First a huge thanks to all organizers of conferences, but especially for those that organize not-for-profit conferences. I do understand its a great amount of work, and in nearly all cases have greatly appreciated the experience made available by the work they put into it.
As for some guidance. I’ve been on nearly all sides of the conference with the exception of organizing, so again organizers please don’t take offense to the feedback.
First on timeline
Please publish this early on your site and on lanyrd
- Deadline for CFP
- Deadline for Call for Sponsorship
- Publish speaker list
- Early bird registration ends
- Regular registration ends
As a sponsor
Early dates and times
As a sponsor please give very early notice of your conference times. As an attendee I can determine within a couple months or even sometimes a few weeks if I’m able to make it to the conference. As a sponsor unfortunately I’m more restricted by budgets and timelines.
Give me options on sponsorship
A prospectus is great, and often times I’m completely happy with it. Other times there’s things I may want to sponsor that are not on the list. If videos aren’t already being recorded I’d love to see the content live on, and this is an immediate place that jumps out as valuable to sponsor. Often times flexibility doesn’t cause me to sponsor or not, but it does leave a clear reminder of my experience.
Location of exhibit hall
Sometimes the exhibit hall is hidden away and only visited by attendees that really seek it out. Obviously this is less than ideal for a sponsor with a booth. The obvious solution is a central expo hall, but many conferences can go one further and put lunch and the expo hall in the same area. Having foot traffic near and through the expo hall gives slightly more exposure, letting sponsors get a better value.
As a speaker
Have previous years talks available
If you are interested in attracting new speakers to your conference, please include last years talks. As a speaker there’s often a new conference I’d be interested in attending, if I’d not attended or spoken I may not know appropriate context. Keeping last years speaker list and talk topics helps me elect whether it might be a fit.
Publish the CFP
This is especially key to have on lanyrd, above all the other timelines. There’s currently no better place for me to look today to get an idea of when CFPs are coming up. As a tip for others looking to submit talks to conferences check out their list of upcoming calls.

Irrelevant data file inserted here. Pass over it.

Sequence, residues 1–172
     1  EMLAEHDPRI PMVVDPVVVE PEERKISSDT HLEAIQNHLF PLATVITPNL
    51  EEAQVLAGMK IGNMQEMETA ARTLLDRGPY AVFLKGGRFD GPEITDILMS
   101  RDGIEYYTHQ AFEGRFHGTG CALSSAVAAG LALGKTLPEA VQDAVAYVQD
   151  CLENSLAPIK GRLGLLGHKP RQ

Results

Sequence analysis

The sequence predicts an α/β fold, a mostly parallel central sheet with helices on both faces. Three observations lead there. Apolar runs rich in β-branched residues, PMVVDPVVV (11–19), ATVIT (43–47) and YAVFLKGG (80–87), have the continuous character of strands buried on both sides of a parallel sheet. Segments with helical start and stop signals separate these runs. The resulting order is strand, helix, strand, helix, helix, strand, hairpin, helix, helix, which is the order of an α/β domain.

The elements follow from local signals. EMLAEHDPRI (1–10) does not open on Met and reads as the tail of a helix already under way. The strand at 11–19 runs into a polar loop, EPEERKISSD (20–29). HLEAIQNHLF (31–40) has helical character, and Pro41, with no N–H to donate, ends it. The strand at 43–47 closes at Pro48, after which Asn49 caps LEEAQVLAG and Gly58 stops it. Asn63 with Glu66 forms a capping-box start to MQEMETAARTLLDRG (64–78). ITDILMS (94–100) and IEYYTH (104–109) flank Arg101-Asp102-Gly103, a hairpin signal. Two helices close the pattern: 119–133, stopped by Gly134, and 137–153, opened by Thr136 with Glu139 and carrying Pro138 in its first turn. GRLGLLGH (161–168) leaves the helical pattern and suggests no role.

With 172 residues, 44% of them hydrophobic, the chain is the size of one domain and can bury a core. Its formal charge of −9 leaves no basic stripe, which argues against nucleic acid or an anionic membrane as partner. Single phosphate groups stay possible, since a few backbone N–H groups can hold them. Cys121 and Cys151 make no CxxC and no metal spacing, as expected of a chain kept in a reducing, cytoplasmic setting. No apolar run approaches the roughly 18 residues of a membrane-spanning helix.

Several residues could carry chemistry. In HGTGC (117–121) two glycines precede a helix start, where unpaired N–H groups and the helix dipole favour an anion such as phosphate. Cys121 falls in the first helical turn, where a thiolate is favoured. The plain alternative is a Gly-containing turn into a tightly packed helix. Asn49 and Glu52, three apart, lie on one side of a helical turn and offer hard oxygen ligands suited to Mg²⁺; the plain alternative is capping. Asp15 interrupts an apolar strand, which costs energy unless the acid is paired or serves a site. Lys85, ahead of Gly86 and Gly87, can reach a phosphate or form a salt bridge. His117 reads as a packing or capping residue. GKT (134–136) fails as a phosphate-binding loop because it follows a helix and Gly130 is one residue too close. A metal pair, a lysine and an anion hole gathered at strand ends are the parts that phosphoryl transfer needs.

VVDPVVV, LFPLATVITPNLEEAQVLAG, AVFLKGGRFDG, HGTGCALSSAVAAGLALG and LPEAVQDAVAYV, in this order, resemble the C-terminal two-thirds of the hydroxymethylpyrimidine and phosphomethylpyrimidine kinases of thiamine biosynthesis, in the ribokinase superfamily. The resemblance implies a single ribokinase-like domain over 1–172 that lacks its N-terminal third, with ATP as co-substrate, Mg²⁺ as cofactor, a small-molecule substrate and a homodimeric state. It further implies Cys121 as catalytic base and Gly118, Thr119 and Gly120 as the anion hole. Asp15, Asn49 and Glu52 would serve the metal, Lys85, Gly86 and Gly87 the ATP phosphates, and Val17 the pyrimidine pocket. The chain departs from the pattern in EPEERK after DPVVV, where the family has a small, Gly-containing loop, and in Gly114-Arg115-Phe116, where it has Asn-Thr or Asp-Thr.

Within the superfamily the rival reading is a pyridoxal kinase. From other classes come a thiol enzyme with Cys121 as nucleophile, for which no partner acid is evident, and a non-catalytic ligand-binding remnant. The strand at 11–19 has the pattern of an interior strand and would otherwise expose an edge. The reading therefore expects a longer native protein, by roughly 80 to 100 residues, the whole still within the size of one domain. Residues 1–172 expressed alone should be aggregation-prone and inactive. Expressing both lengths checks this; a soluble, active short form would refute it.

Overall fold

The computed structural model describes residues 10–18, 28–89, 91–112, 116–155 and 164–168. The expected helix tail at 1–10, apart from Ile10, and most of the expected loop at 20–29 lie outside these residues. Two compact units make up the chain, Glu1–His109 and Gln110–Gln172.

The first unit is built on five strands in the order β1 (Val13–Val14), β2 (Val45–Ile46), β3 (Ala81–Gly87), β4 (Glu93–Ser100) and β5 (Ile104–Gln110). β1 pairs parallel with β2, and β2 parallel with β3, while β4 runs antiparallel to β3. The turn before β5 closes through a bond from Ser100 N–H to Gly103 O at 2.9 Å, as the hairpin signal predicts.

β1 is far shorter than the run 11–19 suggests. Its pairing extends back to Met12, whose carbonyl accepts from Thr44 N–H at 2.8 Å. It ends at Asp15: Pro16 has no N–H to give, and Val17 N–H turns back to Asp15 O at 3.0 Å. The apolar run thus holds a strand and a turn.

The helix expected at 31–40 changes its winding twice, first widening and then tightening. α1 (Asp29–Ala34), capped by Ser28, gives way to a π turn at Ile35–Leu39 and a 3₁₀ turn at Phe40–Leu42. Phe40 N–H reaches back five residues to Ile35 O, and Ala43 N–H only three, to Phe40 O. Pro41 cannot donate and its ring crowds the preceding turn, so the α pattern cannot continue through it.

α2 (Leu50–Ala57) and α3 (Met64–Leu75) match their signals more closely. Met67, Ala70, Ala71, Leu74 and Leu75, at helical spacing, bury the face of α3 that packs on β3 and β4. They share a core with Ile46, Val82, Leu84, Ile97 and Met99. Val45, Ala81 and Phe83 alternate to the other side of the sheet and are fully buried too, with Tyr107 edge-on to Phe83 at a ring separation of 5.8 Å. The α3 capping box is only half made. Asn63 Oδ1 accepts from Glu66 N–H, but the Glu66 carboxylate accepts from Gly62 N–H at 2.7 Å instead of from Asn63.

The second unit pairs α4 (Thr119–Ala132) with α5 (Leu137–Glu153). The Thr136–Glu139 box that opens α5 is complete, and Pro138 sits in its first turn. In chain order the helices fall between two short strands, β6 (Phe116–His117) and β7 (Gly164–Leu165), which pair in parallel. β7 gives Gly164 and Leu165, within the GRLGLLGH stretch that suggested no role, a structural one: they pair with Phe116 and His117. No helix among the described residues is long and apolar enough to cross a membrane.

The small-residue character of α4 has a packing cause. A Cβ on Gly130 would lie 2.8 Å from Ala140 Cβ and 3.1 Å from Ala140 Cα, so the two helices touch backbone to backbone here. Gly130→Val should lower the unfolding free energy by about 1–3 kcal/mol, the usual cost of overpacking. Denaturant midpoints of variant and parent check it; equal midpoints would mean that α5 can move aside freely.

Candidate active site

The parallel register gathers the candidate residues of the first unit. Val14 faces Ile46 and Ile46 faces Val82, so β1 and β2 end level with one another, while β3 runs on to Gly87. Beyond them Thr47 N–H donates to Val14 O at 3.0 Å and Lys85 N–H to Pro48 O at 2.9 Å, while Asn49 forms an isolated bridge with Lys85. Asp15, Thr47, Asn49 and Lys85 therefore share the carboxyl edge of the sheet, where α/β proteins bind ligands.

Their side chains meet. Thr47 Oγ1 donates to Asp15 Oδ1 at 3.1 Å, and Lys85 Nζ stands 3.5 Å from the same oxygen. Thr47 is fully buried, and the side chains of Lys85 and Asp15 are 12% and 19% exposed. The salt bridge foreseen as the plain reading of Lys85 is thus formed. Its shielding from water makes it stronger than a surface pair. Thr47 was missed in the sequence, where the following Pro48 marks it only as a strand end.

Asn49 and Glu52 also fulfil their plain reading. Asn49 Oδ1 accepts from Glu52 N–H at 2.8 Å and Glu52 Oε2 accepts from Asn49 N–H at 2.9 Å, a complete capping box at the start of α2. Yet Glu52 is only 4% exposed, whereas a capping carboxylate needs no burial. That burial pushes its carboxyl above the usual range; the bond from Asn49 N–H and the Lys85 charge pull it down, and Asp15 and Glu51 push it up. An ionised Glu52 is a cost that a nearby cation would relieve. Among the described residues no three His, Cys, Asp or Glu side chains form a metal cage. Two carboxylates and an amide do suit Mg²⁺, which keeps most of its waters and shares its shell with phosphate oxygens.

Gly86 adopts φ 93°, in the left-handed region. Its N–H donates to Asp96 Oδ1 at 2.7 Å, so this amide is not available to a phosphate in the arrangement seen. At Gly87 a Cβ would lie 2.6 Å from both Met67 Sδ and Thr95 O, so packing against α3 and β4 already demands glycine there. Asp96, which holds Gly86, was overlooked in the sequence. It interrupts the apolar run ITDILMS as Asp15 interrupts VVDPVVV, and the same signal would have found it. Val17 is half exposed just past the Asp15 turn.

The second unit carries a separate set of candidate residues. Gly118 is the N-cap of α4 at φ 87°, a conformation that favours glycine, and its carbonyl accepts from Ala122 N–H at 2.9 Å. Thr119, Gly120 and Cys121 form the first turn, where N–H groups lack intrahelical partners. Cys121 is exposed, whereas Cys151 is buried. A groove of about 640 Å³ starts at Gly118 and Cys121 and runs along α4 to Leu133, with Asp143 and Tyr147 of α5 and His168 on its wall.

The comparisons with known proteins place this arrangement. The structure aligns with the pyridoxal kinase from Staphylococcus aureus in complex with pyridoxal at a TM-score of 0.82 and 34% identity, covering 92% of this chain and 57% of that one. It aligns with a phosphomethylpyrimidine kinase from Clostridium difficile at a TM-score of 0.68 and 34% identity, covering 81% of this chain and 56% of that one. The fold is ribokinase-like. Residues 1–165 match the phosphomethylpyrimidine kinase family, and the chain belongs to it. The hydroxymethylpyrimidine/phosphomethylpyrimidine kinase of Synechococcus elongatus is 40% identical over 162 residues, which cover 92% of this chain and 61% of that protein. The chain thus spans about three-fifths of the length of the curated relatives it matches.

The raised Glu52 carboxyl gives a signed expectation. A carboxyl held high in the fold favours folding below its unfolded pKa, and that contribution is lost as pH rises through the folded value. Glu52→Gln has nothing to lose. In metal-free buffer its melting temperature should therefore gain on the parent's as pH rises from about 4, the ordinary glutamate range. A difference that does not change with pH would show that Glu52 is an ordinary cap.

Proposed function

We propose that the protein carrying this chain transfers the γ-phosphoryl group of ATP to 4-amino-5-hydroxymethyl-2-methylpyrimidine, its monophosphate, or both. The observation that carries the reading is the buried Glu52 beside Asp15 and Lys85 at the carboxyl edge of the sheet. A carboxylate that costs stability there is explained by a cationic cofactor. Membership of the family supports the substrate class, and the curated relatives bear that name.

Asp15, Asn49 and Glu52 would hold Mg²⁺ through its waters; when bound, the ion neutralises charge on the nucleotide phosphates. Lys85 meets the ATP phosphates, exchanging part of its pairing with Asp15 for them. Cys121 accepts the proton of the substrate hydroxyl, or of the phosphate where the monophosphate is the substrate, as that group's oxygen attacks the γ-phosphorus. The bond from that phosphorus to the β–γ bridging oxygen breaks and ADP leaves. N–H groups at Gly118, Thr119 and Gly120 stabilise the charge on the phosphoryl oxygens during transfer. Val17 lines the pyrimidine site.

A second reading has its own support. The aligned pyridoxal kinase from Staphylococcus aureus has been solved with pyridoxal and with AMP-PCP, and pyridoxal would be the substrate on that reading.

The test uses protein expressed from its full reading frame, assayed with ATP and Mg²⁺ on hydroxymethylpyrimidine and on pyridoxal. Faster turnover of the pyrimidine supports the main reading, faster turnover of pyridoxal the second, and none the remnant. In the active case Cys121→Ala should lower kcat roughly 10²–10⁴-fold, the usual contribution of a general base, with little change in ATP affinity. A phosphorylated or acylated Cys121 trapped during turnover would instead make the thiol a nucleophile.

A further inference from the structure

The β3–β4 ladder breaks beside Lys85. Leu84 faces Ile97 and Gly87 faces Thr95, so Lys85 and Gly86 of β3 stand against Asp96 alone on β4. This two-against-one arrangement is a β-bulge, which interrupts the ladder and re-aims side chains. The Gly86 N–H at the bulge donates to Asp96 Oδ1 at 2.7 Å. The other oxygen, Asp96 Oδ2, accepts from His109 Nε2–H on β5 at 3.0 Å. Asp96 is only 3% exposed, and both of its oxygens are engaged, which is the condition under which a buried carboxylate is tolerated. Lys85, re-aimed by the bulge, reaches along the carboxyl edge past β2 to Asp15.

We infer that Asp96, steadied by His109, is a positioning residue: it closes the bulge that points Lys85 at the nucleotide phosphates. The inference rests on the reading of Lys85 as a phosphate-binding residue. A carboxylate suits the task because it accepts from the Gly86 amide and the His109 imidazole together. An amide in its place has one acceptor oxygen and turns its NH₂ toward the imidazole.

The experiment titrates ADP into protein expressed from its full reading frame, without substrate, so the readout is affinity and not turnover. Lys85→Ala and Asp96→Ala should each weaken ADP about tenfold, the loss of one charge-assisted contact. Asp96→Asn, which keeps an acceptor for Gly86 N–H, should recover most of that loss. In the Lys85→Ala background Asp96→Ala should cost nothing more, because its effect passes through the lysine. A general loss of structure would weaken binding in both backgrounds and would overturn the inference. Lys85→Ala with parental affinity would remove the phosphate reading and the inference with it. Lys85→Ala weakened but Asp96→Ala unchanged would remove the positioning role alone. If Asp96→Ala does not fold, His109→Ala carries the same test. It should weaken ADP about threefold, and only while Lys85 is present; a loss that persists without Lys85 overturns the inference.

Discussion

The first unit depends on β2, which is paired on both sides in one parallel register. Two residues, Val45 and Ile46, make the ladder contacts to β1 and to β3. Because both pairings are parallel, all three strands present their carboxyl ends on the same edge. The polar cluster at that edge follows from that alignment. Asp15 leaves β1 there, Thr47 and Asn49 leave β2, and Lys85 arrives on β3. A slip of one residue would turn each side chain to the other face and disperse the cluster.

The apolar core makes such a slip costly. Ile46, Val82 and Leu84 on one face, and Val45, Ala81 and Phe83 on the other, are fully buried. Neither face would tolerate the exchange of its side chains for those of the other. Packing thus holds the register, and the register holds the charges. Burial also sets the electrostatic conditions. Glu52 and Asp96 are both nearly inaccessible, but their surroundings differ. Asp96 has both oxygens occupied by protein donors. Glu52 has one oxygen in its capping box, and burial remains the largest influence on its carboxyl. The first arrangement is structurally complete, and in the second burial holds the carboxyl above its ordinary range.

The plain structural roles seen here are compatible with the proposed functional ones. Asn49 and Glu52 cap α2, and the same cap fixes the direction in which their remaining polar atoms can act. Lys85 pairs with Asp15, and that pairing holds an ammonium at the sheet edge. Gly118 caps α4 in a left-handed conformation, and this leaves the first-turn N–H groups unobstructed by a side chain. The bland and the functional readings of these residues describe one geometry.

Bonus if you give me a signup form to get notified via email when the CFP is open
I understand there’s a lot to do when organizing a conference. As much as possible keep the turnaround fast on these. There’s a lot of effort involved in reviewing talk submissions, so I understand that its not a 1 day activity. However, far too often I’ve reviewed talks for conferences and given feedback, and seen most of the activity occur in a mad sprint at the end of the planned time. If this is going to occur at least compress that time.
As a speaker, I’ll be missing a few talks as I prep for mine and of course give mine. Additionally there’s a lot in common with other speakers at the conference often. A good speakers dinner with an opportunity to connect with them can be what sets the conference apart for me. Of course good food and drinks always helps this, but most importantly it does a good job of bringing all the speakers together.
If your CFP is well in advance of the conference, advertise it early and often.
As an attendee
Power and Internet
Power any and everywhere. Internet that works. I understand its hard, but everyone remember when it works well, so its one straight forward way to make your conference stand out.
If you really want to deliver a great experience, have a charging valet, let attendees drop off a device and pick it up an hour later.
Talks are awesome, but give opportunity to connect with everyone there. Many of the people at a conference I see once at year at that particular conference. If my choice is between a talk and catching up with an old friend, the old friend may win out. Give me the opportunity to do both.
I don’t want to get into the debate about drinking (coffee or alcohol), but evening events encourage socialization. Adobe’s MAX conference was a great example of this, while there was beer, I never saw over the top drinking at the after conference event. To keep it fun there were Xboxes, PS3s, Segway obstacle courses and much more. If this isn’t something the conference wants to condone or organize itself, there’s likely an event happening somewhere, help with the publicity of those. With any luck the non-conference evening events are well done, and the conference spirit continues into the evening.